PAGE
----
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Article
March 16, 1970

Treatment of Soft-Tissue Infection With Cephalexin: An Orally Administered Cephalosporin Antibiotic

Author Affiliations

From the departments of medicine, the New York Hospital-Cornell Medical Center, New York, and Woman's Medical College of Pennsylvania, Philadelphia.

JAMA. 1970;211(11):1837-1839. doi:10.1001/jama.1970.03170110043009
Abstract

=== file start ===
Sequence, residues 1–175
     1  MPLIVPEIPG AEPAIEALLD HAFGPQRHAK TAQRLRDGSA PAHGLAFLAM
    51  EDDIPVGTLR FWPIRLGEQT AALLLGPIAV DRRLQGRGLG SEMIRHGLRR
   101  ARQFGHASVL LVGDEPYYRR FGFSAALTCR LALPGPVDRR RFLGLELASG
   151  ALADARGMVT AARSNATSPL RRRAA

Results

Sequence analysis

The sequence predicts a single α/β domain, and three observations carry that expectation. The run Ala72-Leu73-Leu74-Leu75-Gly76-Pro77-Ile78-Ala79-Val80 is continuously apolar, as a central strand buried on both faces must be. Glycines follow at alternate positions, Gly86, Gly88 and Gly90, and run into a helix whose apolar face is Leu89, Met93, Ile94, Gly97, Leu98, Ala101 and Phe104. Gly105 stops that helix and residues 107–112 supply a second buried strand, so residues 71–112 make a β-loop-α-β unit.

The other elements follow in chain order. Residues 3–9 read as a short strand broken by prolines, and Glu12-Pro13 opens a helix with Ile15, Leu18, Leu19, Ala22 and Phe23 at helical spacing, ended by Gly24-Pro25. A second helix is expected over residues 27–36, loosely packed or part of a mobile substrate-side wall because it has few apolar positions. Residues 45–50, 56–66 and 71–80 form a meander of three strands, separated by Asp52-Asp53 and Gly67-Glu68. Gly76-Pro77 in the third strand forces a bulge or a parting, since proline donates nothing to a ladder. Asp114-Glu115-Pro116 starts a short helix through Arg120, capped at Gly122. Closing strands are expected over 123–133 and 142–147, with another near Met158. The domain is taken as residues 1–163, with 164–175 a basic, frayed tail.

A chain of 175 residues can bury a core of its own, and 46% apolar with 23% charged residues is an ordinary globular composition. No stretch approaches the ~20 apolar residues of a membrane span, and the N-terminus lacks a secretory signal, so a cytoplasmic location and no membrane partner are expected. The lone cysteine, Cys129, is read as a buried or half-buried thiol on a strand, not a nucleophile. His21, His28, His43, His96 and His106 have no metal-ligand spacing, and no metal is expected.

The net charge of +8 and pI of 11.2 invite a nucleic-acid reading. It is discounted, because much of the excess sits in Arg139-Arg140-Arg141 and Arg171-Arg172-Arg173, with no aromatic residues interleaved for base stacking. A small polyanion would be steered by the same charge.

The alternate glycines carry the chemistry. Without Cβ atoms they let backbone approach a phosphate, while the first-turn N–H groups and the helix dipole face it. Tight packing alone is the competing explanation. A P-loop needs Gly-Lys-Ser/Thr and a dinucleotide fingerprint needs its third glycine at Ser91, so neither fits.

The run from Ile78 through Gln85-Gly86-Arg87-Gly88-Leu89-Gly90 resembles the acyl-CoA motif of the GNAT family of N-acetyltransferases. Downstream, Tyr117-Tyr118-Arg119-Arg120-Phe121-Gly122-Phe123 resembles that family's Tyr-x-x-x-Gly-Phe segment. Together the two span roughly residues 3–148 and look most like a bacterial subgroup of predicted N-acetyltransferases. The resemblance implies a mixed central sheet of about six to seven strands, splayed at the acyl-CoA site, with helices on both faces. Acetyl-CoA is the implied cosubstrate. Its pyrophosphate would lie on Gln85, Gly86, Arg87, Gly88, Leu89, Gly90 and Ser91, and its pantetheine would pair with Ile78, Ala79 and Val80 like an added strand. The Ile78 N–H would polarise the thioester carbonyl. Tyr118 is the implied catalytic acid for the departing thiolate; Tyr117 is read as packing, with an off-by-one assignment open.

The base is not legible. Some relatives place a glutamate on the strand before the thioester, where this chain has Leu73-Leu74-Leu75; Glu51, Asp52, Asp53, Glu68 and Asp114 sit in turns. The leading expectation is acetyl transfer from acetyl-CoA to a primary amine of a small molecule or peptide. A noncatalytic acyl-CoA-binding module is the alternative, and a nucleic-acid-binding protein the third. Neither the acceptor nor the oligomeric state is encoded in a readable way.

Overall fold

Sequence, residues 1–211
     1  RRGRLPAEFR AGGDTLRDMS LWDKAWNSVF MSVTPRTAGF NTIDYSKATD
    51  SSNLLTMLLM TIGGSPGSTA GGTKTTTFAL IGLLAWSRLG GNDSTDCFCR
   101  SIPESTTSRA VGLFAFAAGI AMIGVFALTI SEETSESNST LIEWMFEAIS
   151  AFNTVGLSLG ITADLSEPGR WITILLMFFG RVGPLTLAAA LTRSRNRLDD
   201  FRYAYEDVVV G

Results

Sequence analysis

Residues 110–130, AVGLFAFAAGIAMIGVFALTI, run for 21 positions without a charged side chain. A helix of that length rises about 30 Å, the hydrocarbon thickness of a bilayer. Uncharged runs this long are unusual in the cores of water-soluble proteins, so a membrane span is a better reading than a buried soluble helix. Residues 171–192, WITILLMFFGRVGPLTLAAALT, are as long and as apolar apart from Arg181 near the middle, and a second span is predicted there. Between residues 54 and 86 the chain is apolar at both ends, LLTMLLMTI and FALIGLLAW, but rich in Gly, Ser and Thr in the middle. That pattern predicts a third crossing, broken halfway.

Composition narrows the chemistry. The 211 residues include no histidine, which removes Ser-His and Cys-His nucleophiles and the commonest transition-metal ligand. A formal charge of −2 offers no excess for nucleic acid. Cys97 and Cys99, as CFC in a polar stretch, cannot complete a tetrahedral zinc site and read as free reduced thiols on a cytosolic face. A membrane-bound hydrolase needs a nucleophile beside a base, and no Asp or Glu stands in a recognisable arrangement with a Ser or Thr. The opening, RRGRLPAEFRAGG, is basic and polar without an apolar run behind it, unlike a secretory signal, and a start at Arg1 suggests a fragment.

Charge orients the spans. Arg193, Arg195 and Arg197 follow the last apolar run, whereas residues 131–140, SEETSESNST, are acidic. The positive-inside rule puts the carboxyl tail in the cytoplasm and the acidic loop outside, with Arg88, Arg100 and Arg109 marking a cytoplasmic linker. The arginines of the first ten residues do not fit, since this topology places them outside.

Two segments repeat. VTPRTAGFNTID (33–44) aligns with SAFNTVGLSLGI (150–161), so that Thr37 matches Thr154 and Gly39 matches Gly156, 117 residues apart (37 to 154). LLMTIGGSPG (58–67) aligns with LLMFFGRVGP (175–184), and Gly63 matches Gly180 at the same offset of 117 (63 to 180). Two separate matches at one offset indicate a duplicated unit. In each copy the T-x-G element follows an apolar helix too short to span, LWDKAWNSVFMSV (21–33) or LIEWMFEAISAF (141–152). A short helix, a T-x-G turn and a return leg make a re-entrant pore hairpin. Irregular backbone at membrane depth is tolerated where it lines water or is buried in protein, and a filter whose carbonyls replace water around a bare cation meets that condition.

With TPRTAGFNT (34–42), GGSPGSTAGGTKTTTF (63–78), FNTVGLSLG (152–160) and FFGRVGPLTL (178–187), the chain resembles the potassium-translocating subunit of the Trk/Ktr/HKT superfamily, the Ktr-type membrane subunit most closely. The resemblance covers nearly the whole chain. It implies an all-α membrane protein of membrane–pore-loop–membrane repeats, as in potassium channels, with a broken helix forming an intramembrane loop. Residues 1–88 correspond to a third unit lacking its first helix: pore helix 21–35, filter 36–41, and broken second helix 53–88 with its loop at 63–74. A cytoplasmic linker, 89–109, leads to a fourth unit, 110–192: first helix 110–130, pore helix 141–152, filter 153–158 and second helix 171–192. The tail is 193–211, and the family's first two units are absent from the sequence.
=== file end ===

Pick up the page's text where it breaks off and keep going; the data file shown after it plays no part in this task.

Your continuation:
Cephalexin monohydrate, an orally administered cephalosporin C antibiotic, was evaluated in the treatment of 25 patients with soft-tissue infections of sufficient severity to warrant antibiotic therapy. All strains of Staphylococcus aureus, both penicillin-sensitive and penicillinresistant, were inhibited by 12.5μg or less of cephalexin monohydrate per milliliter. These concentrations of cephalexin were usually achieved in the serum one to two hours after a 500-mg oral dose and correlated with serum inhibitory activity against the infecting microorganism. Excellent clinical response and elimination of the pathogen were noted within seven days after initiation of therapy in all but one patient. Side effects were severe diarrhea in one patient which necessitated discontinuation of cephalexin therapy after the first day; eosinophilia in one patient; and a slight rise in the value of serum glutamic oxaloacetic transaminase in one patient.

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